Last Updated on May 10, 2023
Decades ago, multigenerational housing was quite common, with 32 million Americans living in a home with multi generations. By the 80’s, the trend had been on a decline for years, bottoming out with only 12% of all Americans living in a multigenerational home.
Now, thanks in part to the pandemic, and with more and more people desiring to age in place and the millennial boomerang trend, nearly 60 million Americans live in a multigenerational house–a figure that is more than double what it was in the 1970’s.
What is the definition of multigenerational housing?
According to the Pew Research Center, a multigenerational house is defined as one that includes two or more adult generations (with adults mainly ages 25 or older) or a “skipped generation,” which consists of grandparents and their grandchildren younger than 25.
Why are more and more home buyers seeking multigenerational housing?
Besides the fact that nearly 60 millions Americans currently reside in multigenerational homes, the latest report from the National Association of Realtors shows us that 15% of all home buyers are seeking these types of living arrangements when they shop for homes.
The reasons people started multigenerational living in droves in the 40’s still hold true today–multiple generations living under one roof allows for money saving, grandparents to age safely and helps with loneliness and isolation that is so common with older age.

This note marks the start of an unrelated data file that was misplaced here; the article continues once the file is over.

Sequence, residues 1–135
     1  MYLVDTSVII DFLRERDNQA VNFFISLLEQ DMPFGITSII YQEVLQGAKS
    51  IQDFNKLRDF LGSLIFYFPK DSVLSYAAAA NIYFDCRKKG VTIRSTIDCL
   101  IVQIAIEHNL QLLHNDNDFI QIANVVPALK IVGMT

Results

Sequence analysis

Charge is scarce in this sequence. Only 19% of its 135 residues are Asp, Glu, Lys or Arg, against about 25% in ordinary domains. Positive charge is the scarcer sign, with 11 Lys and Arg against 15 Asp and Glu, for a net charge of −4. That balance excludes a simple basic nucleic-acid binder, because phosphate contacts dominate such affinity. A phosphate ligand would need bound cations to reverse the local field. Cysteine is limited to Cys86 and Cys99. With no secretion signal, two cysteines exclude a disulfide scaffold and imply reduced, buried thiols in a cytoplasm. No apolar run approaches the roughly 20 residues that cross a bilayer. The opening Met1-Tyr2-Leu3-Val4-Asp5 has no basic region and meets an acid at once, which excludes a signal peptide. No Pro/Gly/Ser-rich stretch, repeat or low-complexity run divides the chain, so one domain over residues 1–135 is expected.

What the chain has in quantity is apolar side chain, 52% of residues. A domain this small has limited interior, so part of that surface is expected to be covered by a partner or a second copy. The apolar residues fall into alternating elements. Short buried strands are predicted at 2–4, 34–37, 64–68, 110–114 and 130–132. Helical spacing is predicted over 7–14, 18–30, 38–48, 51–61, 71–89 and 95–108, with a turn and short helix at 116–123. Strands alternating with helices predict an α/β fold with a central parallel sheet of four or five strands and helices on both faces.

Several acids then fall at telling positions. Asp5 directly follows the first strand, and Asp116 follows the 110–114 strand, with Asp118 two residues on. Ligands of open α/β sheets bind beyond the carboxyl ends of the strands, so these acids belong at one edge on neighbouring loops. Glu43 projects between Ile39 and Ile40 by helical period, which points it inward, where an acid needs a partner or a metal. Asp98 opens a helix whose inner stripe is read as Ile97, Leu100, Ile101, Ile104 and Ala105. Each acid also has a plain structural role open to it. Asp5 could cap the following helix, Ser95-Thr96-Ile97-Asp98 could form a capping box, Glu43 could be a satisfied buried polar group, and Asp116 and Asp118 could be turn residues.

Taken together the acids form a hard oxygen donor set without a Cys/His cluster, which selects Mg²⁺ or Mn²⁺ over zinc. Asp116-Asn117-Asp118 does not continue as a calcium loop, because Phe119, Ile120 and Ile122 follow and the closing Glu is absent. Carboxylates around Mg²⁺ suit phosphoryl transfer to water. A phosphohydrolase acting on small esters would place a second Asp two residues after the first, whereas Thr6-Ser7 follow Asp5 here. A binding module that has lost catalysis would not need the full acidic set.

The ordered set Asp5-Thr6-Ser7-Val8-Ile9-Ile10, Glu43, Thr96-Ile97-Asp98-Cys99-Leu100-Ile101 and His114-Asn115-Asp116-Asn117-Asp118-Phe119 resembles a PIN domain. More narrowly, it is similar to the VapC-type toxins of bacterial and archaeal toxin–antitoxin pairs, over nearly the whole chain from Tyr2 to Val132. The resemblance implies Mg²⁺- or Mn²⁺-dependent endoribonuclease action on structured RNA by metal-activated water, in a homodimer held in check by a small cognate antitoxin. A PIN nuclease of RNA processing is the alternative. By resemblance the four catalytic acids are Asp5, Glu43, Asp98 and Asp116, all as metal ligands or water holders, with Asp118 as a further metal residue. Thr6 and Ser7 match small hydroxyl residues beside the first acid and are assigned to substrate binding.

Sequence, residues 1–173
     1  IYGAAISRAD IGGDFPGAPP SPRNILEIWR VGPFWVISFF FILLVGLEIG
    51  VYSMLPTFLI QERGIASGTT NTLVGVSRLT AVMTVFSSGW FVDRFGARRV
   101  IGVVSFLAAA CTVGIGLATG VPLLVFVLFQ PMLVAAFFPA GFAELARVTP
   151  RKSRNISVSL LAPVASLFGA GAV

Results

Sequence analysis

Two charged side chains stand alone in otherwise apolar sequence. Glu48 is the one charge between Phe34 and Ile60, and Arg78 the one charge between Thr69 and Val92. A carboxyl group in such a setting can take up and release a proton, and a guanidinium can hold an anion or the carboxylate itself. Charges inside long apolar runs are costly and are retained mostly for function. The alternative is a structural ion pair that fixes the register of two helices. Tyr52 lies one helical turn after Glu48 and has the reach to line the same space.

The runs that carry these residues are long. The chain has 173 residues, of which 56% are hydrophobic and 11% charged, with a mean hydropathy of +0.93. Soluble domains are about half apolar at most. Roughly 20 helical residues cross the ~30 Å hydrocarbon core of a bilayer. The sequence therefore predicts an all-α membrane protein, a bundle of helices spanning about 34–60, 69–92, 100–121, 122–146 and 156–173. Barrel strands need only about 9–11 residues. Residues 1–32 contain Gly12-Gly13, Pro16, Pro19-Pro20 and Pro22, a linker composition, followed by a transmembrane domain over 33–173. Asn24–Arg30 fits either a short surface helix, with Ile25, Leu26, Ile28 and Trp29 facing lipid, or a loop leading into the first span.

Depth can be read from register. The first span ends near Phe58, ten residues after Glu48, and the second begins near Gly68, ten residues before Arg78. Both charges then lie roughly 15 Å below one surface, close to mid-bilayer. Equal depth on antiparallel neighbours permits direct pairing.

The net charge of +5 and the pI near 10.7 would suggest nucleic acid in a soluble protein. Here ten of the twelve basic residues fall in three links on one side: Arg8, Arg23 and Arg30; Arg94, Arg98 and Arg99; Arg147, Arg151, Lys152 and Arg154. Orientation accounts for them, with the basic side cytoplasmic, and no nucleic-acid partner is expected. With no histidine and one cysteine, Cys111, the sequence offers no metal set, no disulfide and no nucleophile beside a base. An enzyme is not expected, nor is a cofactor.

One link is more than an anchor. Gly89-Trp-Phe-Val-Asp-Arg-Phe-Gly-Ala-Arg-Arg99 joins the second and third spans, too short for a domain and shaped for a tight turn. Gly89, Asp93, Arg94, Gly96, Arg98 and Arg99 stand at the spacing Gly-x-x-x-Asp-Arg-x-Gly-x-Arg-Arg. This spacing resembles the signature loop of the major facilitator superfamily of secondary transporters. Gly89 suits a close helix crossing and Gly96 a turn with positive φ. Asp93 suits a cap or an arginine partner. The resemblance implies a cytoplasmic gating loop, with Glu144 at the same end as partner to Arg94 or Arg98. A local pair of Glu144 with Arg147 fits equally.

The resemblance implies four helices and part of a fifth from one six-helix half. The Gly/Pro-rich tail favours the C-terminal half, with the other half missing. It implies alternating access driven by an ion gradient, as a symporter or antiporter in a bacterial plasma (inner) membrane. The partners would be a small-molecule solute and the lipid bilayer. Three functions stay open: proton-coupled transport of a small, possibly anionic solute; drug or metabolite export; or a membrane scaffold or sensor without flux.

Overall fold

As more and more families are dual income, multigenerational homes find it much easier to split childcare responsibilities, a trend which researchers see only increasing. Besides sharing responsibilities, families living in multigenerational houses enjoy the opportunity to form strong bonds with each generation.
What are home buyers seeking multigenerational homes looking for specifically?
Set ups of intergenerational homes vary– from fully functional units in a duplex model, to homes that offer private kitchens and separate entrances, or even a detached unit in the backyard of a larger house.
The latest research shows that buyers seeking a home for multi generations are mainly looking for two things–separate entrances and separate kitchens. Having these two crucial elements allows for ample privacy and helps with noise disturbances as schedules fluctuate. A separate sitting room with attached bedrooms and bathrooms are also highly desirable, as well.
A listing by Catherine Taylor in Huntersville, NC features a fabulous set up for those seeking intergenerational living. With separate living quarters, including a fully-functional kitchen, bedroom, bathroom, sitting area, laundry room and private entrance, this stunning home is perfect for many family members living peacefully under one roof. When family members want to share a meal or hang out in the same area, the large chef’s kitchen is big enough for a crowd, as is the spacious great room. For more information on this beautiful listing, see the photos below and click here.